Regulatory imperatives, like the CMS Framework for Health Equity and NCQA Health Equity Accreditation/Plus, are calling payers and providers to address social drivers of health and equity through more robust data collection and analysis. For healthcare organizations looking to achieve more equitable outcomes, the RTI Rarity™ Local Social Inequity (LSI) score reveals key characteristics of higher-risk populations, identifies target interventions to engage them, and supports NCQA requirements.
Why are current social risk scores inadequate?
Without reliable and timely SDoH data and analytics, social needs and inequities are hard to identify and address. Plus, no single data source provides well-grounded information to guide health equity improvement initiatives. Even commonly-used indices — Social Deprivation Index (SDI), the Social Vulnerability Index (SVI), and the Area Deprivation Index (ADI) – draw on a limited set of variables.
A better social risk index includes multiple sources of definitive data
Integrating community-level and individual-level data across multiple attested data sources helps healthcare leaders identify individual and population social needs and conduct more thorough analyses. This approach conjures a higher-resolution picture of individuals' health within the context of populations, geography, and SDoH.
Today, payer and provider organizations have access to sophisticated, robust aggregate population data to more accurately predict health outcomes, identify gaps in care, and measure the impact of policy and program changes.
What is the RTI Rarity Local Social Inequity score?
The RTI Rarity tool merges artificial intelligence (AI), advanced data science methods, and geospatial analytics in a risk adjustment framework. Featuring a supervised machine learning method known as random forests (RFs) and other state-of-the-art predictive analytics methods, it provides high-resolution social determinants of health (SDoH) composite scores constructed with a health equity focus.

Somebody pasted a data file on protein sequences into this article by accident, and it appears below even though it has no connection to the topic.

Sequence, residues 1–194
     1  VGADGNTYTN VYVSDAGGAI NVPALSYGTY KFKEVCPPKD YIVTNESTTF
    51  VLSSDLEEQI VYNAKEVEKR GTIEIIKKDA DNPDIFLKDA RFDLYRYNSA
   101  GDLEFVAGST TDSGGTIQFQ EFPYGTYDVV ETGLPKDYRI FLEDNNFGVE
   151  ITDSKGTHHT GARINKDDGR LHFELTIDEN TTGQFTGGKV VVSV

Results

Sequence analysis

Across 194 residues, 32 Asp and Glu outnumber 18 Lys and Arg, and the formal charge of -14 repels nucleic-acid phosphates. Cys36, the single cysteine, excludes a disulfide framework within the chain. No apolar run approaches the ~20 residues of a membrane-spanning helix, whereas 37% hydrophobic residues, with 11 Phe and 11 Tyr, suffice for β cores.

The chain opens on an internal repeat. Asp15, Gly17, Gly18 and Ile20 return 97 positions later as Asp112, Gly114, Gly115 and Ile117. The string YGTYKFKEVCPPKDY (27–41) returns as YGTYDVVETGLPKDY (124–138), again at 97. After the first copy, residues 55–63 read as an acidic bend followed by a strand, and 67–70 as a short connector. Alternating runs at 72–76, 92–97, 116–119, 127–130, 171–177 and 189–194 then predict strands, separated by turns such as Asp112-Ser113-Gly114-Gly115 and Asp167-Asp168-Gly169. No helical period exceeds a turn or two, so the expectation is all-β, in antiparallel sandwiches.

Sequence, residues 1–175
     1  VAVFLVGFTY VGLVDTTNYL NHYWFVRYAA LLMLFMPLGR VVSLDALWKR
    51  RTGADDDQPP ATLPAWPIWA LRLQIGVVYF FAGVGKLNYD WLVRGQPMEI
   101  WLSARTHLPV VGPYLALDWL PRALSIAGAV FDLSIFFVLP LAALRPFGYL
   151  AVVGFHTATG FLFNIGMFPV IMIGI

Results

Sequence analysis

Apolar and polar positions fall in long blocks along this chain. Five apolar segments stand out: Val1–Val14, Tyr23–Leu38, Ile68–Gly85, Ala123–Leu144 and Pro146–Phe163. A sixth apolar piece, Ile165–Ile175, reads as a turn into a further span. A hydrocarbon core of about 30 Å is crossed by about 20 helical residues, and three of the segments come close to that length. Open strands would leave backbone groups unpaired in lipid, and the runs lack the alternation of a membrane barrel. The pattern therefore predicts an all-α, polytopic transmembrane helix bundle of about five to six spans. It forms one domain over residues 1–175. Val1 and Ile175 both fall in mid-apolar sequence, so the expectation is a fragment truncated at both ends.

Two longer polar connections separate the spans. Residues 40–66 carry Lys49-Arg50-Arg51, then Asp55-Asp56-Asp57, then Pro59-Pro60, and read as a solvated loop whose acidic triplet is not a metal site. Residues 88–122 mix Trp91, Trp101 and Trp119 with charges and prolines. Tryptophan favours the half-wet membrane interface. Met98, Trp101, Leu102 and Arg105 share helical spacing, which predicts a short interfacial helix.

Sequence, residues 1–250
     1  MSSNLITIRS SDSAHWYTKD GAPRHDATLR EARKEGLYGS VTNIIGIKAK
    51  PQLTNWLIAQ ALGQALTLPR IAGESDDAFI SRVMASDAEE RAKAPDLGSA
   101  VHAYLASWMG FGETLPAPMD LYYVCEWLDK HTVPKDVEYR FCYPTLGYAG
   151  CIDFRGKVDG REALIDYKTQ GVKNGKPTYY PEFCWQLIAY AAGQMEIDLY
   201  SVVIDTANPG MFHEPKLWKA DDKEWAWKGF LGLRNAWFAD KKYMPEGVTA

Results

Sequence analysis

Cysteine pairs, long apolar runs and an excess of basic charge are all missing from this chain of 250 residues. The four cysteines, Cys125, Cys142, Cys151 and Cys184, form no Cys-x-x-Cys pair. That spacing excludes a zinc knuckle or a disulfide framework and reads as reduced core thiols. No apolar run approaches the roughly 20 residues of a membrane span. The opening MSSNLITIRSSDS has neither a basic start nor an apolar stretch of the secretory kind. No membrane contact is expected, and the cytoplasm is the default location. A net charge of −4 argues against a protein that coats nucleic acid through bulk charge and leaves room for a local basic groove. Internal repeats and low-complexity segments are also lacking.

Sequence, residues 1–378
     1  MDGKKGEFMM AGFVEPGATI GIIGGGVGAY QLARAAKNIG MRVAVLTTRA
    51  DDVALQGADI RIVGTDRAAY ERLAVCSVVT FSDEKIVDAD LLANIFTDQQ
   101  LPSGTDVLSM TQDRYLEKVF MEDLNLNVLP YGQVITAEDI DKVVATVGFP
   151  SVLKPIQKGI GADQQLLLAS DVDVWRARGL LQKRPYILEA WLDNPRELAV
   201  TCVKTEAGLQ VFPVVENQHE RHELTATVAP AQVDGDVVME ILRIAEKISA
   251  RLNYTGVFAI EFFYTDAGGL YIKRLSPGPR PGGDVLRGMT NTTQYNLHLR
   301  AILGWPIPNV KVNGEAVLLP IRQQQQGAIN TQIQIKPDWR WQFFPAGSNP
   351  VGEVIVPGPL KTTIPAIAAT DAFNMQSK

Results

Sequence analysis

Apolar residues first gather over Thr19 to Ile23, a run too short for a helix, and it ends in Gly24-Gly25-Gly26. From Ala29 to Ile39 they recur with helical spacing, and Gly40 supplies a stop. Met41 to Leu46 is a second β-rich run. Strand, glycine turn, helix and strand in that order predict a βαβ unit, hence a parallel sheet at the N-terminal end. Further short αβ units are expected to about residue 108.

What data does the RTI Rarity LSI score leverage?
RTI Rarity creates and delivers the Local Social Inequity (LSI) score by drawing on 40+ public and private datasets from publicly available federal, state, non-profit, and academic resources, including:
- American Community Survey (ACS) from the U.S. Census Bureau
- USDA's Food Environment Atlas
- CDC's Wide-ranging ONline Data for Epidemiologic Research (WONDER)
- Department of Housing and Urban Development (HUD)
- Child Opportunity Index (COI)
- Opportunity Atlas
- and 34+ other datasets
The RTI Rarity LSI score utilizes 200+ area-level variables across 10 domains at the Census, zip code, and county levels for predicting life expectancy and other health outcomes. Together, these scores yield meaningful insights into the neighborhood-level drivers affecting local health outcomes.
Figure 1: Social inequities have a high impact on life expectancy. Bright yellow indicates lower life expectancy and high social inequities. As social inequities increase, life expectancy decreases.
Why is the Local Social Inequity score a better predictor of social risk and SDoH gaps?
In benchmarking and validation analyses, the RTI Rarity LSI score proved to be substantially better at explaining variance in life expectancy than other commonly used SDoH composite measures. Not only can LSI scores identify which communities are at high risk of poor health outcomes, it identifies the most important social, behavioral, and contextual predictors for those outcomes within neighborhoods across the U.S.
Benchmarking LSI against ADI, SDI, SVI
The RTI Rarity LSI score was benchmarked against three existing area-based composite measures related to SDoH: the Area Deprivation Index (ADI), the Social Deprivation Index (SDI), and the Social Vulnerability Index (SVI). When assessing life expectancy at birth, the LSI score explains more of the variance across the United States:
Indices ranked by ability to account for disparity among neighborhoods with the highest and lowest life expectancies across all U.S. states